Skinner was convicted in 1995 of killing his live-in girlfriend and her two sons in Pampa. He has maintained his innocence from the start, arguing that he was too inebriated from a mixture of vodka and codeine to overpower the three victims. He argues the DNA testing he seeks could show that another man was the killer.

Based on the federal judge's comments today, Skinner's lawyer, Rob Owen, director of the University of Texas School of Law's Capital Punishment Clinic, said the focus of the controversy will now likely shift to the state courts to apply a newly adopted post-conviction DNA testing law.

DNA evidence presented at Skinner's original trial showed his blood was at the scene, and an ex-girlfriend — who later recanted her testimony — told jurors that he confessed to her. But not all the available DNA evidence was tested. Among the untested items were a rape kit, biological material from the victim's fingernails, sweat from a man’s jacket resembling one that another potential suspect often wore, a bloody towel and knives. Skinner's original trial lawyers worried the results might be incriminating.

For years, Skinner has sought DNA testing on the additional items, but the state has refused, citing restrictions in Texas' 2001 post-conviction DNA testing law. Last year, less than an hour before he was to be executed, the U.S. Supreme Court granted a stay. After a subsequent hearing, the high court sent the case back to the federal district court to decide whether Skinner's civil rights were being violated by the state's application of the 2001 DNA law in restricting the DNA testing Skinner requested.

That was the question before the federal court in Amarillo today. State lawyers argued that Skinner had his chance at trial to have all the DNA testing done, but he forfeited that opportunity and is now trying to game the legal system to stall his demise. "If Skinner is allowed to test this DNA evidence, then every guilty criminal defendant will want to forgo DNA testing at trial and then use the untested DNA evidence as a post-conviction litigation tool to endlessly delay or hinder implementation of the sentence," state lawyers wrote in a brief to the court.

But the primary question the federal court had to answer about whether Texas' DNA testing law violated Skinner's civil rights faced a major change during the legislative session this year.

Lawmakers passed a measure that expanded access to DNA testing and eliminated the limits that prosecutors have cited in their objections to Skinner's requests. State Sen. Rodney Ellis, D-Houston, who helped write the bill, has said that Skinner's case is one the law was designed to affect.

Last month, Skinner's lawyers filed a request in Gray County District Court for DNA testing under the new law. They are now awaiting a decision on that request.

"The State conceded in federal court today that the legislature intended that change in the law to reach Mr. Skinner," Owen said in an emailed statement. "The State should stop wasting taxpayer money fighting the DNA testing in Mr. Skinner's case. At a minimum they should drop their insistence on executing Mr. Skinner on November 9 so that the courts have adequate time to settle this issue."

The Texas Attorney General's office, which is representing the state, today filed its objection to Skinner's request in state court for DNA testing. The state's lawyers argued that the Texas Court of Criminal Appeals has already twice denied Skinner's pleas for additional testing and that even if additional testing were done it would not prove Skinner's innocence. And they take Skinner to task for not claiming in court proceedings that he is "actually innocent." "If Skinner is indeed actually innocent of the murders, then he has a responsibility to say so in these court proceedings," they wrote.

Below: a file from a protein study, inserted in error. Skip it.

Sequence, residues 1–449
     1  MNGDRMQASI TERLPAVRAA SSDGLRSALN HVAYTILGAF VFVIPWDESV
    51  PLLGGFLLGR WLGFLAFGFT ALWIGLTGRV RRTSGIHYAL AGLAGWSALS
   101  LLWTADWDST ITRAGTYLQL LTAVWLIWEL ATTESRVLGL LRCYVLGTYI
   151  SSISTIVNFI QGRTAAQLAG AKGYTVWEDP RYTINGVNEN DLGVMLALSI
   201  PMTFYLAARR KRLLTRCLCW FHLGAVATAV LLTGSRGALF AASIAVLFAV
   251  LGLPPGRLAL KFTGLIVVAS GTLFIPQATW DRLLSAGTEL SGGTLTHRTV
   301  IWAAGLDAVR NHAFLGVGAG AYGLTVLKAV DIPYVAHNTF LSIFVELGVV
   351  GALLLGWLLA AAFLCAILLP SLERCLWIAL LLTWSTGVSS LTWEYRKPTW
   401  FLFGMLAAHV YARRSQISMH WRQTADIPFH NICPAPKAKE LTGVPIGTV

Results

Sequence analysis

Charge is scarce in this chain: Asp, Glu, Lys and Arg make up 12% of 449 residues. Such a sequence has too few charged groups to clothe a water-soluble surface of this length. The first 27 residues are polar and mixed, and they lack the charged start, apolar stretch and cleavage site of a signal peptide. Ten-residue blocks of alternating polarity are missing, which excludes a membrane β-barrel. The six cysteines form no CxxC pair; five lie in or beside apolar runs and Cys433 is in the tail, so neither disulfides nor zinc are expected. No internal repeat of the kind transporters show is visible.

In an affidavit he signed on Aug. 31, Skinner declared that he is "actually, factually and totally, legally and any other definition, innocent of this crime!"



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http://amarillo.com/news/local-news/2011-10-24/wrangling-continues-skinner-dna-case#.Tqa-r7JczZU

October 24, 2011 - 11:17pm



Wrangling continues in Skinner DNA case

By BOBBY CERVANTES | bobby.cervantes@amarillo.com

Death row inmate Hank Skinner’s third try for additional DNA testing should be rejected because he’s failed to provide evidence that the tests would prove his innocence, state prosecutors argued in court documents filed Monday.

Lawyers for both sides appeared in the federal courthouse in Amarillo as part of the latest legal maneuvering in a case with wide-ranging implications.

The state’s attorney, Arthur D’Andrea, said he wanted the lawsuit dismissed to allow the state courts to rule and consider any appeals before Skinner’s Nov. 9 execution date in the killings of his live-in girlfriend and her two sons.

Skinner’s attorneys urged U.S. Magistrate Judge Clinton Averitte not to dismiss the federal civil rights lawsuit until the state court rules on Skinner’s third motion for DNA testing, which remains pending in Gray County.

In 1995, a Tarrant County jury convicted Skinner in the December 1993 murders of Twila Busby and her two sons at their Pampa home. The trial was moved to the Fort Worth area because of pretrial publicity.

The federal case Monday stemmed from a U.S. Supreme Court ruling in March that allowed Skinner to use a federal civil lawsuit to advance his motion for DNA testing. The suit states that 31st District Attorney Lynn Switzer violated Skinner’s civil rights by not turning over crime scene evidence he long has said would exonerate him and possibly implicate Busby’s late uncle as the real killer.

Skinner has identified seven items that were never tested: a blood-splattered windbreaker often worn by Busby’s uncle, hair found next to her body, two knives, a rape kit, her fingernail clippings and a bloody dish towel.

Monday’s hearing centered largely around how two appeals cases might affect Skinner’s latest motion, filed Sept. 6 and still pending in 31st District Judge Steven Emmert’s court.

Courts rejected Skinner’s earlier motions for DNA testing, in 2003 on the grounds he failed to prove the untested evidence would have kept him from being convicted and in 2009 because he failed to request the DNA tests before trial.

Lawmakers this spring stripped the no-fault provision ­— which required defendants prove the failure to test was through no fault of their own — citing Skinner’s case.

That change still doesn’t address the grounds for the rejected motion in 2003, D’Andrea said.

“(They held) Skinner could not show a reasonable probability that further testing would exonerate him,” the state’s brief says. “Skinner’s third application for DNA testing will surely meet the same fate.”


DNA evidence Gray County prosecutors tested in 1994 showed Skinner had the victims’ blood on his clothes.

Skinner never denied being at the scene, but he has said a vodka and codeine cocktail left him too incapacitated to commit the crime.